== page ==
HICKS, RANDALL T., R.T. Hicks Consultants, Ltd. Albuquerque, New Mexico and KRISTIN FARRIS, Rice Operating Company
A recent study funded by the American Petroleum Institute and Rice Operating Company found that most sudden and accidental produced water releases do not pose an unacceptable threat to ground water quality. However, such releases can effectively sterilize soil and cause temporary or long-term environmental impairment of the land surface. Returning the surface area affected by produced water releases to its original productive capacity can be accomplished by flushing the salt below the root zone with water. Where clay minerals are abundant in the soil horizon, amendments such as gypsum may be required to fully restore the soil.
The protocol for soil flushing is quite simple. First, the operator must add sufficient water to move chloride below the root zone. In sandy, highly permeable soils, this process will occur naturally after precipitation events. Natural restoration, while effective, is slow and a favorable outcome is not always certain. The addition of water immediately after rainfall events accelerates this natural process by increasing the moisture content of the soil and deepening the infiltration profile (causing salt to dissolve and move downward by gravity). At sites where clay swelling occurs due to sodium concentrations in the released water, chemical additives must be incorporated into the program to improve the permeability of the soil before soil flushing can bee effective. The addition of gypsum to the soil causes calcium (from dissolving gypsum) to exchange with sodium (from the produced water release) within the clay minerals – thereby reducing the clay swelling and improving soil permeability. In arid climates, covering the affected area with plastic during this process minimizes evaporation and eliminates the upward movement of soil water.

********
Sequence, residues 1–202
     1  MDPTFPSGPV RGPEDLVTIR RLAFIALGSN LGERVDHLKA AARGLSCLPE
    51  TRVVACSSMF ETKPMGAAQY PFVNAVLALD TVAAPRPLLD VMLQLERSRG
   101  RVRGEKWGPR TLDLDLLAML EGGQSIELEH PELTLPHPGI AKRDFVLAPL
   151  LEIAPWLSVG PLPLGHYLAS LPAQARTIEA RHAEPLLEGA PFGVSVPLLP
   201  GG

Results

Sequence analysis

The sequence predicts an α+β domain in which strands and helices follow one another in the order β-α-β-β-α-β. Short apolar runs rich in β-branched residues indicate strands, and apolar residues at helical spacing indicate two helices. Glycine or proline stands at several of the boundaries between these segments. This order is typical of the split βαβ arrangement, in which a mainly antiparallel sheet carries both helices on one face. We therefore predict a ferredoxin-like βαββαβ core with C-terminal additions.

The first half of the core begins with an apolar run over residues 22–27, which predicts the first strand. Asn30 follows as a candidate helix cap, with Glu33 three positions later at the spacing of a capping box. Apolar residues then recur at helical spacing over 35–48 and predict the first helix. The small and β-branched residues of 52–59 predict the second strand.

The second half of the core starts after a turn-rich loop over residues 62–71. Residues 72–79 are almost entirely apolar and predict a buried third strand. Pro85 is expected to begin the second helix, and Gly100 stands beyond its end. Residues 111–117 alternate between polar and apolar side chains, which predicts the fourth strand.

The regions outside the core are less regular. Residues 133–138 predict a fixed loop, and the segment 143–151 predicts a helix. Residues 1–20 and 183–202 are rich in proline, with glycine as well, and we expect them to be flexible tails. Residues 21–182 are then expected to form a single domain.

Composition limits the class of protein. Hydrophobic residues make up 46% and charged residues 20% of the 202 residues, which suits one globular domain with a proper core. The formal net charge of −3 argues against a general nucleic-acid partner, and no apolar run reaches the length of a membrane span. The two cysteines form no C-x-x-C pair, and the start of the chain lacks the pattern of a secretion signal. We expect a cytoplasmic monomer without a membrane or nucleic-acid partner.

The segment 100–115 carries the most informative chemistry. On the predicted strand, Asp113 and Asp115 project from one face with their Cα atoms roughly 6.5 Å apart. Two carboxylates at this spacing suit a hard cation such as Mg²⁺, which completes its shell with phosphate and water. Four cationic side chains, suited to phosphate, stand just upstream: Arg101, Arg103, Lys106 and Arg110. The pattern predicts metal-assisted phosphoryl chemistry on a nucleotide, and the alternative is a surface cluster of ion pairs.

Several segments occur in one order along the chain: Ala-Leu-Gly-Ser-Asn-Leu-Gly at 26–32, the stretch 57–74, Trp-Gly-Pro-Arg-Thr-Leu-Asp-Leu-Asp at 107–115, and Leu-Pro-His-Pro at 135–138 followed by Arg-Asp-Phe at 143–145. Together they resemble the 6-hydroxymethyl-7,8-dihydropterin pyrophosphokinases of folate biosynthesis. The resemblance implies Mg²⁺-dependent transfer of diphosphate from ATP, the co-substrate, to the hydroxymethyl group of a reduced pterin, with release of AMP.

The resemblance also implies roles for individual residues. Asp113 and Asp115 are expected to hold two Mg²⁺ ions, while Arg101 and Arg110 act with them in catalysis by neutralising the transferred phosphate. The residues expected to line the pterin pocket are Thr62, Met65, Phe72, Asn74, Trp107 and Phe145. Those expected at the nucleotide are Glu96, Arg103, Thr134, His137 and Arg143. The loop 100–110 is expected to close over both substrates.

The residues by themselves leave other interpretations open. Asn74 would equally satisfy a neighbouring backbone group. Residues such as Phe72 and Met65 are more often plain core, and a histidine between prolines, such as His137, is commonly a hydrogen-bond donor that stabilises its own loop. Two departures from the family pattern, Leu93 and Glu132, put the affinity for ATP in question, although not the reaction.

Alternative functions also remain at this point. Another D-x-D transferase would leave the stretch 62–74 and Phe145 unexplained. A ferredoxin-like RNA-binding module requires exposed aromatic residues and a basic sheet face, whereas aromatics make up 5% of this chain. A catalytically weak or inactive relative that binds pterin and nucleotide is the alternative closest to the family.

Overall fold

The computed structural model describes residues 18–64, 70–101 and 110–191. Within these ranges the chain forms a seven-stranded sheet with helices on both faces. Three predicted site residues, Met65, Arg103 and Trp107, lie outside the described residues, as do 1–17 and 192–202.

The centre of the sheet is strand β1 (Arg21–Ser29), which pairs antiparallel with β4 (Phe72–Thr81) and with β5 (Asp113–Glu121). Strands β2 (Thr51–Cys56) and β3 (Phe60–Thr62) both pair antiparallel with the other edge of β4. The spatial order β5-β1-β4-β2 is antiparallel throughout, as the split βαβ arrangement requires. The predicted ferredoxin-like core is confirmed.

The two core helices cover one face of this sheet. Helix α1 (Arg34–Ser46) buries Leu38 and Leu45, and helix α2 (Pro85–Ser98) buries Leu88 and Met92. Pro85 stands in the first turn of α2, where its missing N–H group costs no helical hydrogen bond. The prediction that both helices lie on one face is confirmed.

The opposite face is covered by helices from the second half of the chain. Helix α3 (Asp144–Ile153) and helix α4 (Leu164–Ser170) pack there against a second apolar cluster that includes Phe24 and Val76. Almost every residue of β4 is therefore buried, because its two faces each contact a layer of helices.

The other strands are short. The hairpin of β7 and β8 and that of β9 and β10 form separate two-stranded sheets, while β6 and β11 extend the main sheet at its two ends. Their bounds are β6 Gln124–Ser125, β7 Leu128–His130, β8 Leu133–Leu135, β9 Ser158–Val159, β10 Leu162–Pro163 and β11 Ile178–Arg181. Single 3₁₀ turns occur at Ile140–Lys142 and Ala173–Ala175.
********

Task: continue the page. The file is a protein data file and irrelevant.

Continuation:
Periodic soil testing determines when high chloride concentrations are below the root zone and re-vegetation can begin. Re-vegetation is important for two reasons. First, a re-vegetated landscape is generally considered “returned to its productive capacity”. Second, evapo-transpiration is required to minimize infiltration of precipitation and the attendant downward movement of the chloride in the unsaturated zone. In arid climates, a vegetative “cap” can prevent the downward migration of chloride to ground water.
In practice, high winds, caliche layers and other factors can create problems for cost-effective soil flushing programs. The practical experience outlined in this presentation may allow operators to avoid these pitfalls.